While there were many exceptional papers to select from at this years conference, only a few could be presented awards. Alex Burns and Lisa Mercer each received the Outstanding Graduate Paper award, and Jennifer Collins received the Outstanding Undergraduate Paper award. These students demonstrated their ability to look at historical events and help us to re-evaluate how we view them.
Lisa Mercer presented her research, “Ingrained Beliefs: Wheat and French Identity on the American Maizescape, 1555-1740.” She argued that the cultural and religious importance of wheat to the French resulted in misunderstandings between the French and Native Americans in the early days of American colonization. Even before the dominance of Christianity in France, wheat was an important pagan symbol. After the advent of Christianity, the pagan “wheat mother” became the Christian “Holy Mother” and the Eucharist was made from wheat. The importance of wheat to the French led to their disdain for the Native American’s maize (corn) when they came to the New World. The French went as far as to call Native American’s “barbaric” for their use of maize rather than wheat. The French went to great lengths to have access to wheat in the New World, and their strong feelings about wheat caused Native Americans of the period to develop a prejudice against wheat. Wheat was at the heart of several culture misunderstandings between the two groups, and it’s importance to the French impacted how they interacted with the Native Americans in the New World.
Alex Burns’s topic also related to the interaction between Americans and foreign born individuals. His topic moves us forward to the world of the Enlightenment. Alex presented, “We are all made by the same God: The Outlook of the Subsidientruppen on Enslaved Africans in Colonial American.” He discussed the distaste the German soldiers, and to a lesser extent, Enlightenment thinkers had for the American version of slavery. He argued that German’s were against slavery due to their Christian beliefs. In the minds of the German soldiers all people were made by God, and as a result it was immoral for any person to be treated the way American’s treated their slaves. The German’s also disagreed with the slaves being deprived of both a Christian and/or a secular education. Enlightenment thinkers also disagreed with slavery, but to a lesser extent then the German soldiers. These thinkers focused on the rights of man philosophy but were not as strong in their convictions. The German soldiers’ Christian values strongly influenced their feelings about the American practice of slavery.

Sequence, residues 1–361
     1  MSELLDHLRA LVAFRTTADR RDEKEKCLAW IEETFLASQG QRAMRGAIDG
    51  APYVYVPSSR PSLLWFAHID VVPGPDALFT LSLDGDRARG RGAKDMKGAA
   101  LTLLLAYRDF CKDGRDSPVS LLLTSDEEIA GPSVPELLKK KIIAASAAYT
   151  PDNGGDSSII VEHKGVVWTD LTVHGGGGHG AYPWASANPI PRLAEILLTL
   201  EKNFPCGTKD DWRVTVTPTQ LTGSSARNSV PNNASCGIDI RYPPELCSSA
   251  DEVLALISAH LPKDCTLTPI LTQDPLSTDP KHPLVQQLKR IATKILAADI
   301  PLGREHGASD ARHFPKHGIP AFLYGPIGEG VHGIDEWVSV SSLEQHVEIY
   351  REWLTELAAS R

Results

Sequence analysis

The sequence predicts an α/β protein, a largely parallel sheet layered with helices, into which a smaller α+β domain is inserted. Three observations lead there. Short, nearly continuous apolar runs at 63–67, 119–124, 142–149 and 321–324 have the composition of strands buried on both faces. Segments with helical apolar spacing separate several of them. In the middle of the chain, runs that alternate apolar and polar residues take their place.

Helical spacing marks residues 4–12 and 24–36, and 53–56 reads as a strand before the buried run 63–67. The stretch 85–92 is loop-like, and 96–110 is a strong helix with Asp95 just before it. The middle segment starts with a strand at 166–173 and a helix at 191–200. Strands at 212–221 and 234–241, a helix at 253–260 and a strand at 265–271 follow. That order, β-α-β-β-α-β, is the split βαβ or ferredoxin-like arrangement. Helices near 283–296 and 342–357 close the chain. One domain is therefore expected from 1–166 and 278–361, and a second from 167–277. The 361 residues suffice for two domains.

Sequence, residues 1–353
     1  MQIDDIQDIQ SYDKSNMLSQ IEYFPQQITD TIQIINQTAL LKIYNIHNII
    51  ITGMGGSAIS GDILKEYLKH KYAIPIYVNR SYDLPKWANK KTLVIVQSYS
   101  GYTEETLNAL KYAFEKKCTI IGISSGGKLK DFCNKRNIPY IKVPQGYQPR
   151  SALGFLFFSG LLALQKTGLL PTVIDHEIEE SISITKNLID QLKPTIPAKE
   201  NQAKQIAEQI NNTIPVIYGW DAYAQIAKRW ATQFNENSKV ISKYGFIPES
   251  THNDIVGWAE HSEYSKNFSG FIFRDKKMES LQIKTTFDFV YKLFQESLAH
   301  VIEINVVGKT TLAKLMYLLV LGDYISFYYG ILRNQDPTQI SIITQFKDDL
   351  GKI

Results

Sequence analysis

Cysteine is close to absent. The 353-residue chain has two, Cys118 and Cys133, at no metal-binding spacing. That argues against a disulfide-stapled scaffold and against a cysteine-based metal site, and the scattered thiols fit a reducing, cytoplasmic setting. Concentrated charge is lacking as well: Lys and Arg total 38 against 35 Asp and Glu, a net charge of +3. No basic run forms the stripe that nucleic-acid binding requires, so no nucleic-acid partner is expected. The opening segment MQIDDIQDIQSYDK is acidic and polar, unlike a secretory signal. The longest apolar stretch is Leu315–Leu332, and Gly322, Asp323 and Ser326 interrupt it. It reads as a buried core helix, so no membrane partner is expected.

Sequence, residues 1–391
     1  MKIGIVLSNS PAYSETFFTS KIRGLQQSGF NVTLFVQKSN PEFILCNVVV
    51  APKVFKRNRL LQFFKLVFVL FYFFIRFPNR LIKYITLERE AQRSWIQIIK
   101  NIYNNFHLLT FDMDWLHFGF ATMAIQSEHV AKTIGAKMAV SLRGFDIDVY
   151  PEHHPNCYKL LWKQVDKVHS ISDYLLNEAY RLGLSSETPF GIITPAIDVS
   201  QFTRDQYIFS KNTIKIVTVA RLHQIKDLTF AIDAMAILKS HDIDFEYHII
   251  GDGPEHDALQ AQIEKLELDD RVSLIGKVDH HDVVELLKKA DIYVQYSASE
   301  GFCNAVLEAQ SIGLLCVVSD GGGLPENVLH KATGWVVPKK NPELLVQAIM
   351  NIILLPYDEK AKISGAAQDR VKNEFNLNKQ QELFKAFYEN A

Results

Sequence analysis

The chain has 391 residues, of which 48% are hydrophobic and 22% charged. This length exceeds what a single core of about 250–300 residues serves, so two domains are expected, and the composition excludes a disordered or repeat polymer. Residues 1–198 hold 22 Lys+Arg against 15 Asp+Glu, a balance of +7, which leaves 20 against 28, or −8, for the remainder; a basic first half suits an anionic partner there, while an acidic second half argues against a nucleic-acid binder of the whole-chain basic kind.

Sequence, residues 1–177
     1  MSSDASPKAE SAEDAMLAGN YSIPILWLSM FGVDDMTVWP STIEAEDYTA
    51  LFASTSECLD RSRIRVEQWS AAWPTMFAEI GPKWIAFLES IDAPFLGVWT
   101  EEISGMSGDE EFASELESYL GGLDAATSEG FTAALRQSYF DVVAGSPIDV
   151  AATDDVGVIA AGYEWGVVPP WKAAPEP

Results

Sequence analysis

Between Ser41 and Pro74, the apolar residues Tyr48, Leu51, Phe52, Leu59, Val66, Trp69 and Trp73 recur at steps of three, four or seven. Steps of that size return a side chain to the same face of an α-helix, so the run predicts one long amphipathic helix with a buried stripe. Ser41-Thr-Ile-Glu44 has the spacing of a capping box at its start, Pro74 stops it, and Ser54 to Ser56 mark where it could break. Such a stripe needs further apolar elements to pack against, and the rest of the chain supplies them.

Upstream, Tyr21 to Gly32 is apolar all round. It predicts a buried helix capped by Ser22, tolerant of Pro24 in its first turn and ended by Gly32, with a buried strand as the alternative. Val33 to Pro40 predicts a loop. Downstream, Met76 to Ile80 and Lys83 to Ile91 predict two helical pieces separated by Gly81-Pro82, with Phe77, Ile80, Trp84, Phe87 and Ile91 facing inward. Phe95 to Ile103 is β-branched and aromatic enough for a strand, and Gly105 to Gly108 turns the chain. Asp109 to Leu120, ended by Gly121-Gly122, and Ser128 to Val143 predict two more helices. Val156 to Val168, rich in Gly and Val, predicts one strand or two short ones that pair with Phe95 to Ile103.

We move forward again in time with Jennifer Collins’s presentation, “Beyond the Pale: A History of Interracial Relationships in Indiana.” In the early days of American history, white indentured servants and black slaves were treated in similar fashions. As a result, these two groups often banded together supporting and encouraging each other. The resulting bonds between these two groups were viewed as unacceptable and to prevent intermingling between white indenture servants and black slaves new laws were implemented to prevent them from marrying each other. Entering the modern era, Indiana has some of the harshest punishments for people in interracial relationships. As the Civil Rights Movement led to the end of these laws, socially it was still unacceptable. Even today, there are people in Indiana who still feel that people in interracial marriages and relationships should be rejected.